"As usual, I was lined up by the door to get off to be the first one off because it takes five minutes to get off and unload," she said. "The next thing I knew I opened my eyes and I was on the floor six or ten feet away from where I was standing."
One witness said the ferry didn't appear to slow down as it approached the dock and then heard a big bang, 1010 WINS' Juliet Papa reported. But other witnesses told CBS 2's John Slattery that the ferry's approach seemed normal.
Tiffany Wysocki accompanied an injured fried who suffered a head injury.
"She was standing. I was sitting," she said, adding that the fact that she was sitting was fortunate.
"I take the boat all the time and what it did, it hit the right side of the dock, hard, like a bomb," said witness Dee Wertz.
One woman who was on board the ferry said it has been a rough past few months for her.
"I'm actually displaced right now because of Sandy, so this is definitely not my year," passenger Alison Basile told WCBS 880's Paul Murnane. "But I'm very grateful, I think I'm relatively fine."
CBS News Division Art Director Jim Jackson was on the ferry when the accident happened and described the moment of impact.
"Extremely sudden. I was standing up in line to get out the back of the vessel and the next thing I knew I was sliding on my stomach across the floor, kind of swimming through debris," Jackson told WCBS 880's Steve Scott.
Ferry Passenger Describes Impact
Jackson said the moments following impact were full of confusion.
"It seemed like it was in slow motion and that it took a while and then it was very calm. People just started helping each other up and I think everybody was in a state of shock," Jackson said. "It took a while to realize what actually happened."
Jackson said it seemed like the people on the steel stairs leading from the top deck to the first level of the ferry had suffered the worst injuries.
"I saw a person that was on his side that looked like his arm was bent around his back and his head was opened up, a huge gash and he wasn't moving," Jackson told Scott.
Another passenger described the mayhem.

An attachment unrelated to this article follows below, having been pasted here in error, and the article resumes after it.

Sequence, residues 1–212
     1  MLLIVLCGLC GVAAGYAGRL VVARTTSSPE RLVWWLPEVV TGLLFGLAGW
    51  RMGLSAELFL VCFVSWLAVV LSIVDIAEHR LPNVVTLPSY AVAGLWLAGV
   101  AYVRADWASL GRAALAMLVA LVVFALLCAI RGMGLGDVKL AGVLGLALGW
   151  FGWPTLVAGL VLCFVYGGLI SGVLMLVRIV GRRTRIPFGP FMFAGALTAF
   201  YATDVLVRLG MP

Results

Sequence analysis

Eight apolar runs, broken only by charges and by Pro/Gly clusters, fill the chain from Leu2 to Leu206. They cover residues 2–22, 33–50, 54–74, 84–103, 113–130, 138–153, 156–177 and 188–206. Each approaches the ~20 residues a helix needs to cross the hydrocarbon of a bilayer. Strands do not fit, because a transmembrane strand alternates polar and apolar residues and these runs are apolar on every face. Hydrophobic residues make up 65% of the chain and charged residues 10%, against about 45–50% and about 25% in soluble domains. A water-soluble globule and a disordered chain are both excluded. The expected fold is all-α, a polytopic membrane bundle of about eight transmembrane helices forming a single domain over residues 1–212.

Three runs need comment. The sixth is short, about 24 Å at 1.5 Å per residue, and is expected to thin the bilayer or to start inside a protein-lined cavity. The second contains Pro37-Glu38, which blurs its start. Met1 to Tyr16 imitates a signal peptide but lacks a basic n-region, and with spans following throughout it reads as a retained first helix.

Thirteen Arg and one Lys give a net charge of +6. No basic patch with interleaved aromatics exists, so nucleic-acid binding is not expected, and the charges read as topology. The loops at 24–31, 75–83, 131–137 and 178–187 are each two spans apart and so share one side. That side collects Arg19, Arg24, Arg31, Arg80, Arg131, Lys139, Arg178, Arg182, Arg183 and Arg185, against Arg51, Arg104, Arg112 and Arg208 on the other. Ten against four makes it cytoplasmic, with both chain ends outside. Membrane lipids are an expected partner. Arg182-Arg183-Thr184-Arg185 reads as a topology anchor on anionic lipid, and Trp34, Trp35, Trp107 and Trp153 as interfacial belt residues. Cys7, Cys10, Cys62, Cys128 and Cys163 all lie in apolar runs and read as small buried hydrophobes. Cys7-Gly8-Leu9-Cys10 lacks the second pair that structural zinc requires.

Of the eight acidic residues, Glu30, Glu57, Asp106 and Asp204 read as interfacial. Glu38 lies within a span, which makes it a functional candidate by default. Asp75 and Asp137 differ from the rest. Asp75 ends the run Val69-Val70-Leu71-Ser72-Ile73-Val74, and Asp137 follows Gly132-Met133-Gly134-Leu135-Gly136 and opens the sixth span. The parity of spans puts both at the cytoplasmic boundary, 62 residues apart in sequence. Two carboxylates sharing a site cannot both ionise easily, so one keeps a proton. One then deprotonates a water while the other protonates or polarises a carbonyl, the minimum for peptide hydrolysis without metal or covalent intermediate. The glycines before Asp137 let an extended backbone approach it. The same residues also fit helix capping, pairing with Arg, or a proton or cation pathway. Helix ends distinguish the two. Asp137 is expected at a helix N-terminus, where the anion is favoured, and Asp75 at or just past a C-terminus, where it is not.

"It was just a huge impact that threw everybody either out of their seat or into the front of the seat next to them or if they were standing they were thrown to the ground," a commuter named Frank told Murnane.
A gash could be seen on a front corner of the boat. It looked as if it had been ripped open like a tin can.
"It was a pretty good jolt," one witness said. "There was a lot of people that were cut, banged up, in pain."
A 141-foot ferry, the vessel is able to carry 400 passengers and provides daily commuter service to and from New York City, according to the company's website.
To save fuel costs, the boat's water-jet propulsion system had been replaced with a new system of propellers and rudders, MarineLog magazine reported in August.
Seastreak posted the following statement on its website:
"Our thoughts and prayers are with those that were injured," the statement said. "Seastreak LLC will work closely with the federal, state and local authorities to determine the cause of the accident.
"Seastreak will be providing free transportation to New York to friends and family members of those who were injured in today's incident, either via Seastreak vessel or car service. We will also provide lodging if necessary for those who may need to stay overnight."
Please contact the Seastreak office at 1-800-BOATRIDE (1-800-262-8743) for more information and to make necessary arrangements. "
Police said crew members passed alcohol breath tests that were given after the crash.
NTSB officials said they expect to be in New York City for about five to seven days to investigate.
"Ultimately what we're looking for is to determine what happened so that we can prevent it from happening again," NTSB spokesman Robert Sumwalt said.
The pier was to reopen Wednesday afternoon.
This is not the first commuter ferry accident in New York City.
In 2003, 11 people were killed and more than 70 people injured when the Staten Island Ferry Andrew J. Barberi crashed into a pier after the pilot passed out at the wheel. The pilot pleaded guilty to manslaughter and served 18 months in prison.
The city paid out more than $50 million to victims' families.
In July 2009, John J. Marchi lost power and hit a pier at the St. George Terminal at full speed causing 15 minor injuries.
Nearly a year later, the Andrew J. Barberi again crashed into the dock, causing 37 minor injuries.